I would also say that there is no magic in one year. What do you think will happen in a year that will make him more ready than he is now? I know that for my son it took longer than a year. (In his case, it was different as he was under 18 when he started college). When he wanted to live away from home to go to school we set some criteria that he had to meet before we would agree to pay for that. It wasn't just time based.

Think about what he would need to do to prove to you that he was ready and set that criteria. I wouldn't just make it about time. In that regard, I would look at why you think he blew mid-terms or projects. Did he have difficulties with time management? Did he misunderstand instructions? Was he over-confident so he didn't put in enough effort on the projects? And so on. I would be looking at that to determine what criteria he would need to meet. (I assume you have already looked at and ruled out ADHD).
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Old 02-07-2018, 11:56 PM   #7
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I don't have an answer but I will provide my experience. Two kids. Both just under perfect on their SATs. I tell you that so you understand at least according to that test, they were both fairly equal in whatever SATs measure.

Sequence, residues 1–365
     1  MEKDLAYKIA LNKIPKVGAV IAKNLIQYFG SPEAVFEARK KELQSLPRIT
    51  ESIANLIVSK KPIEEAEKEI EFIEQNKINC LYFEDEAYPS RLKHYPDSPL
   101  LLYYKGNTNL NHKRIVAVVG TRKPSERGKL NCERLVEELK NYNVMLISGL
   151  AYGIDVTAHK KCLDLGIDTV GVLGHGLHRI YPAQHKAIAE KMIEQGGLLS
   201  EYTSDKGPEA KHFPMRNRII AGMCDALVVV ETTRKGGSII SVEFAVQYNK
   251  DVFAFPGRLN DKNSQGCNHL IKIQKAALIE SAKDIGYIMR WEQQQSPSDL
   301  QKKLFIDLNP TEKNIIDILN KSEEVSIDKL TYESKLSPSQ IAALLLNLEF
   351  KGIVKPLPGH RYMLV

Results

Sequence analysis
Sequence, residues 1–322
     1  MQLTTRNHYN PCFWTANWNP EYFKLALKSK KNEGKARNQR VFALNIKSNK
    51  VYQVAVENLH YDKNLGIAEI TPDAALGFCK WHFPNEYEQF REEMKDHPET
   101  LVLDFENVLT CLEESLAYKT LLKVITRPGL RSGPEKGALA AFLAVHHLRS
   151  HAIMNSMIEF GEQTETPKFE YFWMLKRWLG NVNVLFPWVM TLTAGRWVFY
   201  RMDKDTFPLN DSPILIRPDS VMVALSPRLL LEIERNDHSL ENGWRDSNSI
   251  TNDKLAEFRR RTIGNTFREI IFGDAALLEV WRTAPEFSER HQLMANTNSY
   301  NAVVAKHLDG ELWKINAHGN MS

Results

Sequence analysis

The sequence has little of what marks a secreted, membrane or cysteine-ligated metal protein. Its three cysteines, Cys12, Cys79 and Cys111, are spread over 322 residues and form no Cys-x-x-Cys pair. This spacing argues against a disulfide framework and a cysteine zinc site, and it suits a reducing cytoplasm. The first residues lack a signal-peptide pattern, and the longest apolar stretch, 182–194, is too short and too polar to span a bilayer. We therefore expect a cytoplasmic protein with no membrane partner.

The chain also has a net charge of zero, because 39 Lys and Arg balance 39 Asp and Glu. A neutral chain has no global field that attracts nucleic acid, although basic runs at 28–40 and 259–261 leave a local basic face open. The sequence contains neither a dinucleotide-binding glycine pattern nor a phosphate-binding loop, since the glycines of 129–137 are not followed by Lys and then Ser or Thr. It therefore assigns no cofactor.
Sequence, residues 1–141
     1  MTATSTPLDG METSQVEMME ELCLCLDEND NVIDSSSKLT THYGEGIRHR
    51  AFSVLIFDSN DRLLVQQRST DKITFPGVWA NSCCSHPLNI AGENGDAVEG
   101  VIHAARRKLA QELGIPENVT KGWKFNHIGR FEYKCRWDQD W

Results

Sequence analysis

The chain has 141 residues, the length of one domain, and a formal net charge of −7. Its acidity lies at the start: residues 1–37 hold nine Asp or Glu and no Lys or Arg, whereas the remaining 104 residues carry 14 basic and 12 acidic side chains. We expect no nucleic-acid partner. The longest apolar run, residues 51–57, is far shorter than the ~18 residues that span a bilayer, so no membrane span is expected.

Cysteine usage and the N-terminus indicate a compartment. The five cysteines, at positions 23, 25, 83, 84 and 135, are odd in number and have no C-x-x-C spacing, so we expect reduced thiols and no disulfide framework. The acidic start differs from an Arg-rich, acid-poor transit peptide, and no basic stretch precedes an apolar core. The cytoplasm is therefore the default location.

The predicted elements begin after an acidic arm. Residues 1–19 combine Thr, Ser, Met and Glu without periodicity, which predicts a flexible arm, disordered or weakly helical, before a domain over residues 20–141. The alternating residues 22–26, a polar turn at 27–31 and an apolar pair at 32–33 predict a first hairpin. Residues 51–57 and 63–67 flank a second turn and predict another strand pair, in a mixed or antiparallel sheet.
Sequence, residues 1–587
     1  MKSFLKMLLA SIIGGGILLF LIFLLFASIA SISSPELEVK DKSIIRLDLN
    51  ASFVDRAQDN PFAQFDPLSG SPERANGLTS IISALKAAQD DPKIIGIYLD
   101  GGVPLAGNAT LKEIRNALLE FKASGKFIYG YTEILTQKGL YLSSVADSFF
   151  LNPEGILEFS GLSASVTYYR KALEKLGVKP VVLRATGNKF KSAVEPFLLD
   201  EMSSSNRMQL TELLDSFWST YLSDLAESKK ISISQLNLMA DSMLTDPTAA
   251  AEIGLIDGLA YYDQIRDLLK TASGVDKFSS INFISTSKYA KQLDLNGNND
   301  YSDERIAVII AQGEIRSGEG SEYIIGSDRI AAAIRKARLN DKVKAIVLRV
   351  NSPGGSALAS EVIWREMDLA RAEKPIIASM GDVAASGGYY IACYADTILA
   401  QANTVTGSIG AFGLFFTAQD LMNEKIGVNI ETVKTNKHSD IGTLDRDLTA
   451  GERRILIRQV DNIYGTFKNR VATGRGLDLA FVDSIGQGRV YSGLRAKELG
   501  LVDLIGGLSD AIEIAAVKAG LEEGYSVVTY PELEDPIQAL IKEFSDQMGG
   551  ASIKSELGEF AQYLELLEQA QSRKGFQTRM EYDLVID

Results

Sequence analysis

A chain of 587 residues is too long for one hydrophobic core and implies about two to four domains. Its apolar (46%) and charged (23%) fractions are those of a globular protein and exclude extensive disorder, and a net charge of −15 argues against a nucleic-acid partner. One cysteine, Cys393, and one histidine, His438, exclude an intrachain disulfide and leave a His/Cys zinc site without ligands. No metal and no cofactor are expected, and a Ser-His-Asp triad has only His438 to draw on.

The easy one. Self motivated. Graduated near the top of her HS class. Graduated a top public university in 3.5 years due to getting course credits from tests. Great grades. Currently has a respectable full time job with great goals and direction.

The one I worried about. First year of high school was dismal. After investigating how to motivate him, sent him to military school. He concurred with the choice based on conversations with a counselor and his own initiative. At his new school, grades changed to near perfect. Got accepted to a state technical university. At university, grades were a little better than the public HS experience but he dropped out early in his sophomore year.

Our conversation stopped being about the need for doing well at university and turned to his need to find a job with all of his new found time. He did find a respectable job. In the meantime, he purchased a house and found roommates to help pay for it. To make a long story short, his second job landed him at one of the most respected companies in the country where he continues to work and do well for over 10 years.

I tell you this story as I never would have predicted it for the child 'I worried about'. I expected his lack of a degree would have been a terrible hindrance. (There was a 12 month period or so where HR was putting pressure on employees to get a degree but that changed somewhere along the line and is not an issue. He did pick up a few credits in the meantime).

Both of my children are independent and doing very well. The track they followed was very different.
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Old 02-08-2018, 01:49 AM   #8
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Community college was great for my son for a variety of reasons. One reason was that there was more hand holding from the instructors. Also, classes were smaller than at the university and it was a more personalized experience. Also, DS didn't have great executive functioning and having him at home allowed us to know what was going on and help him with scheduling and learning how to meet college expectations.

That all went really well. But, it went really well because he was living at home and we could see what was going on and there was still some supervision going on.